The family's been touting the benefits of upgrading my computer and Internet. "It's so easy," they said.
My college roommate called; we discussed our lives and I thought how far life is from "Ozzie and Harriet." Not that it's bad, just different.
Reading news accounts last week brought to mind the many landmarks that Columbus has lost.
It is said that, when we die, our life flashes before our eyes. We experience a sort of review, revealing our good deeds and a few things that might evoke regret. That may be true. But, in some ways, my life is already a constant re-run of events.
There is a lot of hoopla going on right now about the 150th anniversary of the start of the War Between the States. I thought it might be a good time to write about a little book Elayne Goodman leant me.
Feathers in the hair? I was born and raised alongside roosters and hens, chasing them across the barnyard on my daddy's farm in rural Mississippi, and to tell the truth, never once thought of chicken feathers as a hair accessory.
Go through any city and you will find graffiti written on any available surface. The stuff we see nowadays is usually spray-painted, and while some of it is just stupid and offensive, some has real artistry and style. Graffiti, of course, was not invented along with the spray can. It could famously be found on the walls of Pompeii, and also in Rome and in Egypt, and just about everywhere else in the ancient world.
T. S. Eliot must have been a bit dyslexic. He added an extra "L" in the word cruelest and omitted an "L" and a "T" in his last name. (My opinion, only). Still, he was an amazing poet.
Jobie Martin lost his life in a tragic automobile accident on Interstate 220 in Jackson a few weeks ago. He was 91. He was a broadcasting legend over where I grew up. I was one of his biggest fans.
I have always loved pink. Secretly, of course, because little boys just did not express themselves with a feminine color like pink, but somewhere between eighth grade and high school yearbook camp, the '80s happened.
Nov. 2, 1909, was to be a red letter day for Columbus. President William H. Taft was coming to town. He was to be accompanied by his Secretary of War, Hon. J. M. Dickinson, a Columbus native. (A few years later, Crawford native T. W. Gregory served as Woodrow Wilson's Attorney General.)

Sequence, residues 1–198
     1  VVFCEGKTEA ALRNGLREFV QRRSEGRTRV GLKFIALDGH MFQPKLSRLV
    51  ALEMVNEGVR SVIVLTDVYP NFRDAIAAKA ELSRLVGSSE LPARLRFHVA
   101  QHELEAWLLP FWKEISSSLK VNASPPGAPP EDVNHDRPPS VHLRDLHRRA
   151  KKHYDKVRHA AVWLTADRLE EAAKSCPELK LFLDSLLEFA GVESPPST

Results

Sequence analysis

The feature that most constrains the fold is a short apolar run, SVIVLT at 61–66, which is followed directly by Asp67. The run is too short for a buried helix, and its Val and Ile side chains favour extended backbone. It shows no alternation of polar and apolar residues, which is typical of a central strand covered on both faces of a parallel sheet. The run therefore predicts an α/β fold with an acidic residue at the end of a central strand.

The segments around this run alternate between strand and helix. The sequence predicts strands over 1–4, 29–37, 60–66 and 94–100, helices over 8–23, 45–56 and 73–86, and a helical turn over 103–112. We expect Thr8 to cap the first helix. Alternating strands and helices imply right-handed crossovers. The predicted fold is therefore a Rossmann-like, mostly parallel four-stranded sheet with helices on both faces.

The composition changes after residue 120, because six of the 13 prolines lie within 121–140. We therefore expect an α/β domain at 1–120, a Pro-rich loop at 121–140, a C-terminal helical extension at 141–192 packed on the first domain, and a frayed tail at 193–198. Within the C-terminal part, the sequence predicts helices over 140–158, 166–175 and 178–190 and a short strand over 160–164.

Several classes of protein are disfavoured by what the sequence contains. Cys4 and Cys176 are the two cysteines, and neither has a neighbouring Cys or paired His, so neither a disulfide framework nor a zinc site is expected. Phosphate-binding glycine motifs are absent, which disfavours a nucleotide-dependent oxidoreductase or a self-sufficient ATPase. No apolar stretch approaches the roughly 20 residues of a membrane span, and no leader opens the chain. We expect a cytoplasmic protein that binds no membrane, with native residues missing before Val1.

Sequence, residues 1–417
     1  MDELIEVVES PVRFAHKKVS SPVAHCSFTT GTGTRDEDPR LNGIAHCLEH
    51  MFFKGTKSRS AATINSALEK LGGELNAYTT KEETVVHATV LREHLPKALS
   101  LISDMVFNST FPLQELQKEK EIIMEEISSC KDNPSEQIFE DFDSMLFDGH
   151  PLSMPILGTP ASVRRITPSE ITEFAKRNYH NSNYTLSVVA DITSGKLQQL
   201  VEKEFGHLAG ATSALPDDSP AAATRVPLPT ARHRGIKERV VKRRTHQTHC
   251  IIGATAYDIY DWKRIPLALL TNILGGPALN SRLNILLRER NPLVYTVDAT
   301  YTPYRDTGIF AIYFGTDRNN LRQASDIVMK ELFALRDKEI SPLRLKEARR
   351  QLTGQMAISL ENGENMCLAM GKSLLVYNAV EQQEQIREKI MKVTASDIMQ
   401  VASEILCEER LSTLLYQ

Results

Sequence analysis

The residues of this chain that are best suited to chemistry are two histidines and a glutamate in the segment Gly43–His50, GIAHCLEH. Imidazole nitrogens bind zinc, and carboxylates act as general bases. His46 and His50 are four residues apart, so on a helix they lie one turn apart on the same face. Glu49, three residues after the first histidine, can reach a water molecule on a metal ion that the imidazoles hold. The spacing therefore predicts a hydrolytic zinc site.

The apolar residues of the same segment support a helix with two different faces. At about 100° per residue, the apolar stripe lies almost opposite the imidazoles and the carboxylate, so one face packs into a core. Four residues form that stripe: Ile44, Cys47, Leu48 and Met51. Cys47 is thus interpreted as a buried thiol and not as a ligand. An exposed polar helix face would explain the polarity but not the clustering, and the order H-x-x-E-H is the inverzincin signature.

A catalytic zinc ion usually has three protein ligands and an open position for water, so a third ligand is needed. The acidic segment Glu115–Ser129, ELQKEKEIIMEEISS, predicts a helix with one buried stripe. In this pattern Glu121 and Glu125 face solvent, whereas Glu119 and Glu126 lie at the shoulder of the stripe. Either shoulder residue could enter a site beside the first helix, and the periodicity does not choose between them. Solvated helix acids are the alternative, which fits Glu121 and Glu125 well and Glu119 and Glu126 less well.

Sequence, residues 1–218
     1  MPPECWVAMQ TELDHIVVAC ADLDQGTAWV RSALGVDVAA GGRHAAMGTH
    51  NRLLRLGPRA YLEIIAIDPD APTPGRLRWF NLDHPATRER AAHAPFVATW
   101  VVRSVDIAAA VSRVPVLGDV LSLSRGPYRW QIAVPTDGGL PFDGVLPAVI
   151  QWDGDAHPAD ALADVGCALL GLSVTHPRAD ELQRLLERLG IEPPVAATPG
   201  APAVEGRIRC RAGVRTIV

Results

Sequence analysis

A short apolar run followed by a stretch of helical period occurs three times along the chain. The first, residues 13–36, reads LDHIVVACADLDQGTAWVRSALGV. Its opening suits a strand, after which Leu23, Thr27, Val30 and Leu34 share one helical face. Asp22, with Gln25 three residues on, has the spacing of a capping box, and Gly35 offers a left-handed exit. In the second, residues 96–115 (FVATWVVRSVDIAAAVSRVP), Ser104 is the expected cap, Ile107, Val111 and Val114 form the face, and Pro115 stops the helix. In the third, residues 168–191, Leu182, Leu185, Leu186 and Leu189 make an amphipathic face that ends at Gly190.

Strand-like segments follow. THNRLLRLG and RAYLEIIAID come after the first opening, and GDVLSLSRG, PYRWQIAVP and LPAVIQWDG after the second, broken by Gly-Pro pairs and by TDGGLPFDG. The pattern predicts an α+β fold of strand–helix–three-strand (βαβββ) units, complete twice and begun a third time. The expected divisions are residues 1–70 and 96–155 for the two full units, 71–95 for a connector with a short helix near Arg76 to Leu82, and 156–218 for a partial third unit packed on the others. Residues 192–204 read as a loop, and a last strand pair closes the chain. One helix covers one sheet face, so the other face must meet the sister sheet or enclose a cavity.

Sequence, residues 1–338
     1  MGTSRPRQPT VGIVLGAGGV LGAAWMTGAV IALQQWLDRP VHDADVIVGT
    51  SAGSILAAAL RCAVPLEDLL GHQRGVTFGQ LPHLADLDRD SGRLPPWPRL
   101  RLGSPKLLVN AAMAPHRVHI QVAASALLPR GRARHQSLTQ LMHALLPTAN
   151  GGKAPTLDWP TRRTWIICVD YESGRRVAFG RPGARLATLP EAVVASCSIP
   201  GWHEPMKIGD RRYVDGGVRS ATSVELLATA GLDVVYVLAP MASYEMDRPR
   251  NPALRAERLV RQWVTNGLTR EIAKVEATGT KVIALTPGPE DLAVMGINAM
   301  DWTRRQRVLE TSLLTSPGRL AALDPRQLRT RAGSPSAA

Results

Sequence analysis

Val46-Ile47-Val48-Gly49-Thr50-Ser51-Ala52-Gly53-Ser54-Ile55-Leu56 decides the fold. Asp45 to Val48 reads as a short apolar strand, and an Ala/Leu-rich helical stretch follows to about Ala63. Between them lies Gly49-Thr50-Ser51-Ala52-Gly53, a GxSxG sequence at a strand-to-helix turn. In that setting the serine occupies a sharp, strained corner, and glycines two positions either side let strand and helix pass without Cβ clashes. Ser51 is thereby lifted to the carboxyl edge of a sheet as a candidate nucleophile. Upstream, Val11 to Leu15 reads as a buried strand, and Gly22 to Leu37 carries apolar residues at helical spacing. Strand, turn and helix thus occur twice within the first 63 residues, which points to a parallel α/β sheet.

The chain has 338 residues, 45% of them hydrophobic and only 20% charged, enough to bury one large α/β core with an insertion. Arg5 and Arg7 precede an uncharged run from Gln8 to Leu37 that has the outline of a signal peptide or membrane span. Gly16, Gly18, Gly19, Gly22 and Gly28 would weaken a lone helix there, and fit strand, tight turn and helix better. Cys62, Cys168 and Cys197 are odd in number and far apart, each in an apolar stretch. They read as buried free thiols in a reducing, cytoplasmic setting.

The dazzling "Moby Dick" is not simply about whaling. Melville's grand and exhilarating volume is about good and evil, nature, the futility and magnificence of human endeavor, and literature itself, to list just a few subjects.
History is rich with stories of pilgrims. Sometimes they are fleeing religious persecution. They may be traveling toward Mecca, the shrine of a special saint, or even a battlefield.
Snow was piled to the tops of doors, even to the eaves of some houses. Residents had had to cut corridors through the drifts to get out to the street.
Spring is well underway, and the bright yellow rays of the daffodils' smiles have popped up everywhere with the magnificent rainbow of azalea blossoms competing for the attention.
One of the mistakes in movies I always find funny is the opening scene where the director wants to set a locale in the mind of the viewer, so he might place the words "Washington, D.C." at the bottom of the screen, while at the same time showing the capitol or the Washington Monument, making such a caption unnecessary.
This week, my homepage had the nerve to suggest quick fixes for my décor dilemmas.
I remember my mama's weekly visits to the beauty salon downtown.
Civil War reenactment bands are noted for their playing of period music. Bands recreating Southern units are always thought of as playing Dixie and The Bonnie Blue Flag but the popular music of the South was much more varied.
"Hi, my name is Sarah," said the lovely young women as she pulled up a chair beside me. We chatted, and I learned that Sarah was collecting information for obituaries, a topic dear to my heart. I confessed my love for obituaries. I have been known to read out-of-town, even out-of-state, obituaries just for the pleasure of it.